In Kansas for June 2021, the labor force rose, the number of people working rose, and the unemployment rate rose, all compared to the previous month.
Data released this week from the Bureau of Labor Statistics, part of the United States Department of Labor, shows a mostly improving employment picture in Kansas for June 2021 when compared to the previous month.
(Click charts and tables for larger versions.)
Using seasonally adjusted data, from May 2021 to June 2021, nonfarm employment in Kansas rose by 8,100 jobs (0.6 percent). Over the year, the number of Kansas nonfarm jobs for June 2021 was higher by 51,400 (3.90 percent) over the same month last year. This is using seasonally adjusted data.
Over the year (June 2020 to June 2021), the Kansas labor force rose by 31,054 people (2.1 percent) using seasonally adjusted data from the household survey, with an increase of 5,565 (0.2 percent) over the last month.
Since last summer, the monthly jobs count has risen and fallen, usually by small amounts, with the June increase reversing declines in April and May. There are now 107,500 more jobs in Kansas than in April 2020, which is the low point since the start of the pandemic. There are 50,500 fewer jobs than in February 2020, just before the pandemic.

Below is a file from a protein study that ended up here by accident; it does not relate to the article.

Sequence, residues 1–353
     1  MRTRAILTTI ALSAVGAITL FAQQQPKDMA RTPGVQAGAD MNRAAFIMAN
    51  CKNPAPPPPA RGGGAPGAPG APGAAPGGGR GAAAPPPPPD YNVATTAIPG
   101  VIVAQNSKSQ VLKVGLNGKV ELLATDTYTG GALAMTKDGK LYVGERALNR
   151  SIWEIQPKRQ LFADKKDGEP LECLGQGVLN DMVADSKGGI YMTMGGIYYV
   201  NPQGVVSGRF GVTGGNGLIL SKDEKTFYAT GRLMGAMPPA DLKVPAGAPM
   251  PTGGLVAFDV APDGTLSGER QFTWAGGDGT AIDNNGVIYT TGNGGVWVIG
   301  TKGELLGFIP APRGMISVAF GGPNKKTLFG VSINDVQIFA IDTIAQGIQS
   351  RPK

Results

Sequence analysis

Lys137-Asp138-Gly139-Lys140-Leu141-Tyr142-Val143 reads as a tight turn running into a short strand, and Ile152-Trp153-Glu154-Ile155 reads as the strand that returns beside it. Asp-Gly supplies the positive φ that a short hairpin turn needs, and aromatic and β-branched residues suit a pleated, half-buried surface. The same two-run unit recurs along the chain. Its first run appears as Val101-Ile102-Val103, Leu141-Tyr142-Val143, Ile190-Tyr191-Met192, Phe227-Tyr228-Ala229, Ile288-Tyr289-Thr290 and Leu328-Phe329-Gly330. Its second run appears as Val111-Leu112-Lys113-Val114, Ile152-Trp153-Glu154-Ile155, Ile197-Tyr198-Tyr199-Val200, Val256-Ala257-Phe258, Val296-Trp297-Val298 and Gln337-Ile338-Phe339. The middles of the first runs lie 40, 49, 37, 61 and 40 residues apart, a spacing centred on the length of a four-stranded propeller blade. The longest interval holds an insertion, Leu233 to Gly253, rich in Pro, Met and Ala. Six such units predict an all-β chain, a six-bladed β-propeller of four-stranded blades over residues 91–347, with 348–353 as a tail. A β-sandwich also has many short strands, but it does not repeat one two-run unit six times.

The number of unemployed persons rose from May 2021 to June 2021 by 3,228 (6.1 percent). The unemployment rate was 3.5 percent in June, down from 7.0 percent last June and up from 3.7 percent from last month.
Comparing Kansas to the nation: Using seasonal data, the number of Kansas nonfarm jobs is 3.87 percent higher than 12 months ago, while nationally, the same statistic is 5.75 percent higher. Non-seasonal data shows the number of Kansas nonfarm jobs is 4.28 percent higher than 12 months ago, while nationally, the same statistic is 5.79 percent higher.
Click charts and tables for larger versions.
The following chart shows job changes from the previous month, and we can see the increase in jobs for June following losses in April and May.
In the following chart of job changes from the same month one year ago, the sharp increase from April 2020 (the low point since the start of the pandemic) to April 2021 is easily seen.
In the following chart of unemployment rates, we see that the rate in Kansas is lower than the national rate during the pandemic, as it was before the pandemic. The unemployment rate in Kansas is generally declining, but not every month, as it rose 0.2 percentage points in June.
In the following chart of monthly changes in the labor force for Kansas and the nation, the Kansas labor force has both grown and shrank since the pandemic.
For industry groups, the following charts show the number of employees in various industries in May 2020 and May 2021.
This chart uses the same data, but shows the percent change from June 2020 to June 2021. The Financial Activities category has lower job counts. All other categories show gains, especially Leisure and Hospitality.